in line with best-practice developments
taking place across the sector.
An example of our commitment to
continue to educate on Dementia is
our recently implemented “Dementia
Friends” sessions. Working in
partnership with Dementia Friends
Champions, we aim to increase
understanding of dementia among
staff and relatives to enable them to
support residents on what is often a
very difficult journey. Furthermore, in
addition to bringing the community
into the homes we believe that
residents should be free to continue to
experience the outside world as much
as possible, despite their move into a
care home. As part of this approach,
we support them to access local parks
cafés and other community activities.
This latter initiative has resulted in a lot
of positive feedback for us.
The environment should also be
pleasant for our staff. Making sure
they are happy will ensure they
perform their duties with greater
enthusiasm, thereby also helping
those we care for. Whenever
circumstances permit, we seek to
increase pay, improve skills, put in
place incentive schemes and improve
their surroundings. By investing in our
staff like this, we let them know that
they are valued.
Training, of course, is particularly
necessary for supporting those who
live with dementia. The issues posed
by dementia are both challenging
and unique. One is not born with a
knowledge of how to handle these
Some of the team at
Darby & Joan
Registered Manager
Jackie Lim with resident
of St Martins
An example of
our
commitment
to continue to
educate on
Dementia is
our recently
implemented
“Dementia
Friends”
sessions
3THE SOUTHEND-ON-SEA DARBY & JOAN ORGANISATION |
BEST PRACTICE REPRESENTATIVE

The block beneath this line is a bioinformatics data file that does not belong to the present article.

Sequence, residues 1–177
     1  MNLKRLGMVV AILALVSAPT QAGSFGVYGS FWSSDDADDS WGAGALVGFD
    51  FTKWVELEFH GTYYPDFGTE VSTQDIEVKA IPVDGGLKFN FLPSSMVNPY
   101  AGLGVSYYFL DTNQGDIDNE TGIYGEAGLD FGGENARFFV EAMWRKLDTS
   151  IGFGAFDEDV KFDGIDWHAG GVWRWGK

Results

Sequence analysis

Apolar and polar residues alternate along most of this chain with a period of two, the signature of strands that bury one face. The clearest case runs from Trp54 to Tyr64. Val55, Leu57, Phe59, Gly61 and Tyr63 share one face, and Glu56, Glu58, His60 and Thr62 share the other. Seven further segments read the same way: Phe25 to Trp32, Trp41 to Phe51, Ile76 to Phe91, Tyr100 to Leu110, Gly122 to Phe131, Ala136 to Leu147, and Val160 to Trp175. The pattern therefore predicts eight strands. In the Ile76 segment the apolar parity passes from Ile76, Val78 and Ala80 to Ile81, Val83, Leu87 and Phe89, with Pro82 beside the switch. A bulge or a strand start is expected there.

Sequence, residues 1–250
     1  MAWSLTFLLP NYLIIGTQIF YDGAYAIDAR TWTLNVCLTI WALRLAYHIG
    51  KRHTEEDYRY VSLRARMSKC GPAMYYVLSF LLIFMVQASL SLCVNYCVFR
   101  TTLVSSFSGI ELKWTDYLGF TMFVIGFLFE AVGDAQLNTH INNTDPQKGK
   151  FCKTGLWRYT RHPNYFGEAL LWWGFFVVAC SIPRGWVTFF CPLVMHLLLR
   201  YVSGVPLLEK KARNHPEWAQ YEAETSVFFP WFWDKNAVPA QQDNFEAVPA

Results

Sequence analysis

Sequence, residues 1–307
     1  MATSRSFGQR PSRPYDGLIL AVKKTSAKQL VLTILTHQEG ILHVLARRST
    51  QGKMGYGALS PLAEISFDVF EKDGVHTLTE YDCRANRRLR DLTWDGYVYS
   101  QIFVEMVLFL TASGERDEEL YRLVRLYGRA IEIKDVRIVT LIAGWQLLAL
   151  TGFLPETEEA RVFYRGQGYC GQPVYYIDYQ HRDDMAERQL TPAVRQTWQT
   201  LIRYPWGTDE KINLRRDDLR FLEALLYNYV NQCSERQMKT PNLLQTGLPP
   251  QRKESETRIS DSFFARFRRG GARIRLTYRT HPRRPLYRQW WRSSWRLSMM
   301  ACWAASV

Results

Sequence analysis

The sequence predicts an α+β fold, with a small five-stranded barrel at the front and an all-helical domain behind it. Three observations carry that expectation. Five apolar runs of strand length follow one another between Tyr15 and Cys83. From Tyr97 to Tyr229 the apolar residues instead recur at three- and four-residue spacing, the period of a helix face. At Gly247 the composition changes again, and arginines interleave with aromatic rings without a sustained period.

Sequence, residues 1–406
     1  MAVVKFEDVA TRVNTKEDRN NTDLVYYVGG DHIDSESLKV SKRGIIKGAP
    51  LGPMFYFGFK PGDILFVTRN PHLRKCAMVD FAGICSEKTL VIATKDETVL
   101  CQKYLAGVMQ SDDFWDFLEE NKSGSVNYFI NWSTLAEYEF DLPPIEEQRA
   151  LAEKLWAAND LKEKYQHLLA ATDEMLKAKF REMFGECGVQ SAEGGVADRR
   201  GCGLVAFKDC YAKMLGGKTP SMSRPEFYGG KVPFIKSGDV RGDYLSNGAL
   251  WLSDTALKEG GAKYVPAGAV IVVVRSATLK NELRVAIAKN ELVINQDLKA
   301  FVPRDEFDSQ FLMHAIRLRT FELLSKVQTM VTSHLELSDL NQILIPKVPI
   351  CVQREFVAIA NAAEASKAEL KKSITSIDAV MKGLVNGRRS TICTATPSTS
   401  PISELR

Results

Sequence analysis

situations; it requires proper and
concentrated training. It’s a skill we
cannot afford to do without.
Difficulties in the sector
Politically speaking, there are
challenges. Brexit, for example, means
that the pool of talent available to us
has shrunk. As a sector, it’s important
that immigration rules after Brexit
don’t make it difficult for people from
abroad to work in this field.
Broadly speaking, there is a crisis in the
social care sector, and government is
being too slow to address it. The social
care green paper, for example, has
been delayed – which suggests that
the problem is too low down on the
government’s priority list. Too often, it
feels like we are the forgotten sector,
not least because the people working
in it are unfairly deemed “lower
skilled”. The fact is that the challenges
in this sector are huge, and the people
who work in it are working far beyond
their pay grade.
A better future for the elderly
community
Looking forward, we as an
organisation plan to continue evolving
while embracing change. We expect
that as the sector moves into the
future, many important changes (not
least technological ones) will change
the care landscape. We, of course,
will ensure we stay up to date in this
regard. It’s also important to note that
with an ageing society, we can expect
greater numbers of people being
diagnosed with dementia. Services
like ours will become increasingly
needed, and we will always seek to
play whatever role we can to help.
However, although things will change,
there will be much that stays the
same – namely, our goal of creating
a dementia-friendly home while
developing and supporting our staff
to provide our residents with the best